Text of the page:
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Anyone who’s watched a Disney film in the past several decades — and isn’t that pretty much everyone? — has seen the studio’s castle logo flash across the screen, accompanied by the tuneful When You Wish Upon a Star.

It’s an orchestral version, so you don’t hear the lyrics of the Oscar-winning Pinocchio melody, except perhaps in your head: “When you wish upon a star, makes no difference who you are … “

If only that were true. But, as The American Dream and Other Fairy Tales contends, it’s far from reality — especially for many who work at Disneyland, billed as “The Happiest Place on Earth.”

The documentary explores a wide-ranging array of themes. Or, to use the Disneyland model, lands — from the Fantasyland of happy “cast members” to the ominous Tomorrowland of employees who wonder how they’ll ever feed their kids and pay their rent in pricey Southern California.

Our tour guide through this sometimes tragic kingdom is a real-life Disney princess: co-writer, co-producer and co-director Abigail Disney.

Her great-uncle was Walt Disney himself; her grandfather, Roy O. Disney, co-founded the future Mouse House with his brother. (“They were kind of like Pinocchio and Jimmy Cricket,” Abigail explains. “Sort of id and superego.”) And Abigail’s father, Roy E. Disney, was a senior executive at the company — before becoming a serious critic of its corporate culture, then fighting to save it from a hostile takeover.

Following in her father’s footsteps, Abigail Disney has not only criticized Disney but other corporate behemoths, testifying before Congress to advocate for higher taxes on the wealthy.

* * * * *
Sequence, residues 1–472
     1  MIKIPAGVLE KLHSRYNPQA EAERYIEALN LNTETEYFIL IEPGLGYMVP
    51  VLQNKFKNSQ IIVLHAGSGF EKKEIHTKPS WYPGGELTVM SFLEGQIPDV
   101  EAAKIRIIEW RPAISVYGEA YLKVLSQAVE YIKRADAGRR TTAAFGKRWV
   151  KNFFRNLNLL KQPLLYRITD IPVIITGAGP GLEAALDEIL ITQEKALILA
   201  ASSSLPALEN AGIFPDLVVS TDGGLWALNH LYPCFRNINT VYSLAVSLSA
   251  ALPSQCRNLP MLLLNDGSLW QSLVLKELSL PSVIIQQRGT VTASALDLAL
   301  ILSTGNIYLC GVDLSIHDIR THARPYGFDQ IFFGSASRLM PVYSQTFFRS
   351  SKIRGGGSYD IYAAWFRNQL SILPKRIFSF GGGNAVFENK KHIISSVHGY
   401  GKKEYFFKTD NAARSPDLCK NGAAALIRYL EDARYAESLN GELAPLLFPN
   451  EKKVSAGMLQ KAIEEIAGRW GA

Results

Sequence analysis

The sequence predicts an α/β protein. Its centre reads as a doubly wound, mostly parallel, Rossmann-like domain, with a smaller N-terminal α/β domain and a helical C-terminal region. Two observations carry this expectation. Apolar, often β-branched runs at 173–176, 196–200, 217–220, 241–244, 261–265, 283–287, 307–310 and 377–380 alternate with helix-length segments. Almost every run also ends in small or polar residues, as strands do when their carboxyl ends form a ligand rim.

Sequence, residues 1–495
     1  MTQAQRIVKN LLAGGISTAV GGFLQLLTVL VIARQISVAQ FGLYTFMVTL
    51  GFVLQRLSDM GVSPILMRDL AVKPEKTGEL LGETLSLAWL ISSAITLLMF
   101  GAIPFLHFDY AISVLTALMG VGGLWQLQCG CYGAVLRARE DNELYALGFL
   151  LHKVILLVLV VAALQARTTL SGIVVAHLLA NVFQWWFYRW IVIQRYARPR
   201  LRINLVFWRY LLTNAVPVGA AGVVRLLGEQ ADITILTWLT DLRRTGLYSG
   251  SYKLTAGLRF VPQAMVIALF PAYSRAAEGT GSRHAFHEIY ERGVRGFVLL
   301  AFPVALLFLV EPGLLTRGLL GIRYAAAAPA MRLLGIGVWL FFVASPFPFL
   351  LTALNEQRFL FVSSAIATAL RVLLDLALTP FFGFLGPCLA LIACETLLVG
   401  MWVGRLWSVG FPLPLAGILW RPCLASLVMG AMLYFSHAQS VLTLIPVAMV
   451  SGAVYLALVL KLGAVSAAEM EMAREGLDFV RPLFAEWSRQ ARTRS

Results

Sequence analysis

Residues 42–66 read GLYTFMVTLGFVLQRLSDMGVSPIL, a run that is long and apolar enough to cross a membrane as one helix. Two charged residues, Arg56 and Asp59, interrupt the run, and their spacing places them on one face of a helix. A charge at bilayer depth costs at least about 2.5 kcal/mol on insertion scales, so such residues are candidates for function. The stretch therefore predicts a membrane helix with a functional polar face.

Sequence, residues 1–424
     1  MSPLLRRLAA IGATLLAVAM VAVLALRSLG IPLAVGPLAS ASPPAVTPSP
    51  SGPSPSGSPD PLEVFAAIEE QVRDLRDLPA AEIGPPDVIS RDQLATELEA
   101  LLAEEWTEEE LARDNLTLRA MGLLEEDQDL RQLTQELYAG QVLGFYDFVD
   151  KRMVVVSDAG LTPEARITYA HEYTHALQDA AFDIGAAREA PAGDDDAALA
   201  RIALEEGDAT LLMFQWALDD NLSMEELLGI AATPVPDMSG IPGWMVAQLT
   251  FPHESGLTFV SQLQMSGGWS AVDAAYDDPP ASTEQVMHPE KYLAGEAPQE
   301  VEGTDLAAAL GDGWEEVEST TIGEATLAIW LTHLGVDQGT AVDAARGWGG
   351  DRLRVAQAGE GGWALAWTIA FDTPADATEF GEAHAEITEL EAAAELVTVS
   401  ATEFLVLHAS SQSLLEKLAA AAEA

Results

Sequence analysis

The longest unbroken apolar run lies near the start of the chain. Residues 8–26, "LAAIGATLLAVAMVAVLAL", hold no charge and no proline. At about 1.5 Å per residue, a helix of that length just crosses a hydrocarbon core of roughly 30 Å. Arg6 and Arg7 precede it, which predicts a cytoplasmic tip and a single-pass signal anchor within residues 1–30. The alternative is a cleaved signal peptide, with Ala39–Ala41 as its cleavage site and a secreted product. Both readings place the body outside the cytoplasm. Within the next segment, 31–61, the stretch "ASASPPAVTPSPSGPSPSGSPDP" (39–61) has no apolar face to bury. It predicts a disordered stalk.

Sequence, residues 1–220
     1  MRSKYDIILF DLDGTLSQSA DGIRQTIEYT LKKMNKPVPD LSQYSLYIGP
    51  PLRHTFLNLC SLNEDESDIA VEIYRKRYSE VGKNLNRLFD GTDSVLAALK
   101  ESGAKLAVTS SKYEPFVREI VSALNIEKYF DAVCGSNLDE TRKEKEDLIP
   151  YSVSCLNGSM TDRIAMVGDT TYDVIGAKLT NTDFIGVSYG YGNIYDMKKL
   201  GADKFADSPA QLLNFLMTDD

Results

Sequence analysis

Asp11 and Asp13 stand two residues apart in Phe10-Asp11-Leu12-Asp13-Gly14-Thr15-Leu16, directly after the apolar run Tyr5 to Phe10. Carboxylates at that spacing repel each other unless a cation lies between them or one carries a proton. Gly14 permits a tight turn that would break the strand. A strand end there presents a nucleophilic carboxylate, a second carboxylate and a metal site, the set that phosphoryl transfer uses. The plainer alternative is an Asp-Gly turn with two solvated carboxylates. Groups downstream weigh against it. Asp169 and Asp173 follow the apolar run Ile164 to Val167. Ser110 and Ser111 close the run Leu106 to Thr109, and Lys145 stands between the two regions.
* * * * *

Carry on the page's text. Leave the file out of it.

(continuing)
Reflecting that perspective, Abigail Disney and co-director Kathleen Hughes widen The American Dream’s focus from the Disney-centric to the big picture, exploring how the past half century’s trickle-down economic policies and “greed is good” philosophy have led to a vanishing middle class and an ever-increasing chasm between corporate executives and the workers who make their corporations work.

“This isn’t just a Disney story,” Abigail Disney writes to the “two Bobs” atop the corporate hierarchy: past chairman Robert Iger and current CEO Bob Chapek. “It may not be our fault but it is our responsibility.”

None of which has stopped Disney from raising admission prices at its theme parks — or seeking new “cast members” to replace the ones broken down and driven away by, among other things, an extended COVID-19 shutdown and ongoing labor disputes.

The documentary also briefly explores the cozy — some would say corrupt — relationship between Disney and the city of Anaheim. (The American Dream debuted at the Sundance Film Festival before news broke in May of an FBI corruption probe surrounding Disney’s campaign spending in Anaheim — and the outsize influence those contributions bought.)

Talking heads and clever animated sequences help illustrate the documentary’s larger themes, but it’s the interview and archival sequences that give The American Dream and Other Fairy Tales its often haunting quality.

Family movies and recollections show how Abigail Disney came to realize that “having the last name Disney is like having a weird superpower you didn’t ask for.”

But at least she has power — unlike the featured Disneyland employees who live in their cars, visit local food banks and otherwise scramble to maintain their day-to-day existence.

“You gotta roll with the punches,” one says during the year-long pandemic shutdown. “It’s hard to get worried about something when you never had an opportunity in the first place.”

As When You Wish Upon a Star promises, “If your heart is in your dream, no request is too extreme.”

But that’s Fantasyland, not Disneyland. And, as The American Dream and Other Fairy Tales maintains, the two are very different places indeed.

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Carol Cling

Carol Cling served as the Las Vegas Review-Journal's film critic for more than 30 years, reviewing movies and covering movie and TV production in Las Vegas, from Casino to CSI. An honors graduate of Northwestern University's Medill School of Journalism, she also has studied film at the American Film Institute and the BBC